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Do you know your state’s flower?

  • Do you know your state's flower?

    Most denizens of any of the 50 United States likely feel some sense of pride for their home state. While many of these inhabitants can likely discuss the cultural norms of their home or verbally unload trivia about their local sports teams, some might get lost in naming the specific symbols chosen to represent their state. Possibly the easiest fact to remember is a state flag, but further down would probably be state nicknames, mottos, and birds.

    Each of the 50 states has adopted its own flower, with each representing not only the environment but the perceived persona of that state. These traits may include a flower's medicinal properties, aesthetic, and color, or history tying it to a historical figure or U.S. president. In some cases, state flowers may have been chosen by public consensus or votes. Every state legislature is responsible for officially designating a state flower, which is native but not necessarily exclusive to that state.

    Stacker has compiled a quiz to see how well you know your state's flower. The quiz includes all 50 state flowers—not including “state wildflowers,” which some states such as Alabama and Louisiana have. Some state flowers are evident from their name alone—the origin of the “California poppy” and the “Rocky Mountain columbine”—might be easy to guess. Others, such as the peach blossom or the Cherokee rose, aren't quite as easy to figure out. For each slide in this gallery, you'll get information on a state flower's characteristics, smell, blooming season, and even historical background. Each subsequent slide will reveal the flower's name.

    Think you can guess your home state's flower, and a few others? Read on to find out.

    RELATED: Do you know your state nicknames?

  • Alabama

    Also called “the rose of winter,” Alabama's state flower was designated in 1959, replacing the goldenrod. While this flower can be found in Alabama, it is also native to a number of Asian countries, including China, Korea, Taiwan, and Japan. With smooth and polished leaves, this flower is known for its distinct shades of white, pink, and red.

  • Alabama flower: Camellia

     

     

  • Alaska

    Adopted by the organization called the “Grand Igloo” in 1907, long before Alaska was an official state, this true blue flower has a long history with the northernmost state in the country. This flower grows in open and rocky parts of the state during the midsummer, coming in other varieties such as the mountain forget-me-nots and splendid forget-me-nots. It is fragrant during the nighttime, but gives off no scent during the day.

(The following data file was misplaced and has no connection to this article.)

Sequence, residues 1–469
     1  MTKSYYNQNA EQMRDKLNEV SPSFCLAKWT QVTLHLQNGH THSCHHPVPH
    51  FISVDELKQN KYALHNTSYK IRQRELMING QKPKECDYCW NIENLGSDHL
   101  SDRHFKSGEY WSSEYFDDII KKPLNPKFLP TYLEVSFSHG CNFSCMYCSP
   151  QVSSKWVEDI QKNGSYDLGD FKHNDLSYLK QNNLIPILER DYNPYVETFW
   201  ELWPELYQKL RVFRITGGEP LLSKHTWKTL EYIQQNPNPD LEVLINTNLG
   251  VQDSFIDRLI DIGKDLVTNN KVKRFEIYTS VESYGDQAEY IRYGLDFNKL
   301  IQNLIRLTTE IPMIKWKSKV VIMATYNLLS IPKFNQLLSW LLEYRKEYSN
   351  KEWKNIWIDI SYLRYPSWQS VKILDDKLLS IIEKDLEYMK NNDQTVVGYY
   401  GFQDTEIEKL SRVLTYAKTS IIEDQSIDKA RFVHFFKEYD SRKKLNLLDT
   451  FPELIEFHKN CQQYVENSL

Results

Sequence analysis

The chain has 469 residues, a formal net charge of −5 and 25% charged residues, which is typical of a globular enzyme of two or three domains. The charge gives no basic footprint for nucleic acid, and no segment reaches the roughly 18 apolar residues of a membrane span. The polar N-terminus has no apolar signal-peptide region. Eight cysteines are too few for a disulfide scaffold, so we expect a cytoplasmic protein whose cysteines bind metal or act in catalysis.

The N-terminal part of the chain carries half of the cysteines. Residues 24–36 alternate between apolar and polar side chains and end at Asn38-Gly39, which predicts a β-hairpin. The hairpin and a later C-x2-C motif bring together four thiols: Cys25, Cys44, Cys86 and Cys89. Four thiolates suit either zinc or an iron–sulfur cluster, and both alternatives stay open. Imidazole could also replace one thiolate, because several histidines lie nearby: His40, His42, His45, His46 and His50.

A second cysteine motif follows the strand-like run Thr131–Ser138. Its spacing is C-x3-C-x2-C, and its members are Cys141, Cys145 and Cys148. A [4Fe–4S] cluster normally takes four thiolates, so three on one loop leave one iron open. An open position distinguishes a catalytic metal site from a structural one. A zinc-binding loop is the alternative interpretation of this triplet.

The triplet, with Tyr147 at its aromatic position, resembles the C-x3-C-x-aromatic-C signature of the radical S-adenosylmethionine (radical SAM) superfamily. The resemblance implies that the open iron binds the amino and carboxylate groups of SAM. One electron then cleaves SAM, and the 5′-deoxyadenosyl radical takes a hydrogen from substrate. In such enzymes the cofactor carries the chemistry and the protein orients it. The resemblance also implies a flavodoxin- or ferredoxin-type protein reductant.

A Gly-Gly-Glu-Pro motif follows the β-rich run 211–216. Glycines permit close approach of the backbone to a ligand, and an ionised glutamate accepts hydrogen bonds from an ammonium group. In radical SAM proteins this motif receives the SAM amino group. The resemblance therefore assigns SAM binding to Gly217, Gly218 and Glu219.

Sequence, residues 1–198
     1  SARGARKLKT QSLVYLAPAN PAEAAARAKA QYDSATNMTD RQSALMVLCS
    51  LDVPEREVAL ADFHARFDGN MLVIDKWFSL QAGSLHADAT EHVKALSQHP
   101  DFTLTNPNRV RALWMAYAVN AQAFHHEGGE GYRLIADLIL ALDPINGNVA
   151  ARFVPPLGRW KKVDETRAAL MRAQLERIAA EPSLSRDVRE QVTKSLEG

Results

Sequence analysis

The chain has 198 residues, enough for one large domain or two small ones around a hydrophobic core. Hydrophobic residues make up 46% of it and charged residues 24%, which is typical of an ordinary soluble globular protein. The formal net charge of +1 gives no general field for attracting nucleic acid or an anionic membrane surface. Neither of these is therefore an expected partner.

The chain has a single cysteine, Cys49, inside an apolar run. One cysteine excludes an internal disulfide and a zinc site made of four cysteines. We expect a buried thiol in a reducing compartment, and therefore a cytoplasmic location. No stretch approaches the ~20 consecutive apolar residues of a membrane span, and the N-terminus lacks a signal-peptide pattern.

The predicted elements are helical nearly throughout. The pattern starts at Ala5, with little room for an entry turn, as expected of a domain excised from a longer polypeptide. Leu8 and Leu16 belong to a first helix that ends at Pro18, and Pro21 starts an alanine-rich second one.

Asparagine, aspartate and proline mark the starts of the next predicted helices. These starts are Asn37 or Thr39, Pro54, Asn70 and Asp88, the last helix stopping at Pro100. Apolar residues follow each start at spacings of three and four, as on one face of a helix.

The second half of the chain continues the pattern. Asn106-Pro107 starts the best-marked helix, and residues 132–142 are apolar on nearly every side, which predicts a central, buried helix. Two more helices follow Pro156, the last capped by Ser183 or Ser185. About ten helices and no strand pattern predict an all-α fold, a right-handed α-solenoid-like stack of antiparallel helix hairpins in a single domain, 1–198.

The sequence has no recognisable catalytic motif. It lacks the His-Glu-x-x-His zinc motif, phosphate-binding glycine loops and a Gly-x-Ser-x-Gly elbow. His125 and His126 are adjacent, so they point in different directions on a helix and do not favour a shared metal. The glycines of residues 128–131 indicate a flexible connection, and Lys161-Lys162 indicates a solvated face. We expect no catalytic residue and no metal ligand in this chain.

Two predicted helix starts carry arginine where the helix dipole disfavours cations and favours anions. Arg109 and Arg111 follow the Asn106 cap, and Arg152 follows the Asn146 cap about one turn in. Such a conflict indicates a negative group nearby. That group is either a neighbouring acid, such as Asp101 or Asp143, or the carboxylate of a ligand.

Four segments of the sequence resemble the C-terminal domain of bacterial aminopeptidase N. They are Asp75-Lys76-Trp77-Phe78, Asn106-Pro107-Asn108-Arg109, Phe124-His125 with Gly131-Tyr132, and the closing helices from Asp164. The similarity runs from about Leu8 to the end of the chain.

• Alaska flower: Alpine forget-me-not

     

     

  • Arizona

    Arizona's state flower is indigenous to the region and can grow up to 50-feet-high and live for up to 200 years. These flowers do not grow off of bushes or shrubs, and thrive in the desert, particularly the Sonoran Desert. Harming this flower is illegal in Arizona, meaning construction projects must take special precautions should any be in their way.

  • Arizona flower: Saguaro cactus blossom

     

     

  • Arkansas

    This flower was designated as the flower for Arkansas in 1901, a period of time when the state was one of the country's biggest apple producers. While disease and frost eventually tarnished the state's reputation as such, this flower still remains as a symbol for that time. These flowers can be seen in clusters of pink and white, giving off a honeysuckle scent.

  • Arkansas flower: Apple blossom

     

     

  • California

    California may be a large state, but its state flower can be as small as 2 inches short. It can also be named the flame flower, la amapola, or copa de oro, the latter meaning “cup of gold.” Indigenous peoples in California found the flower to be an important resource, taking advantage of it for food and oil; the flower is also quite drought-resistant.

  • California flower: California Poppy

     

     

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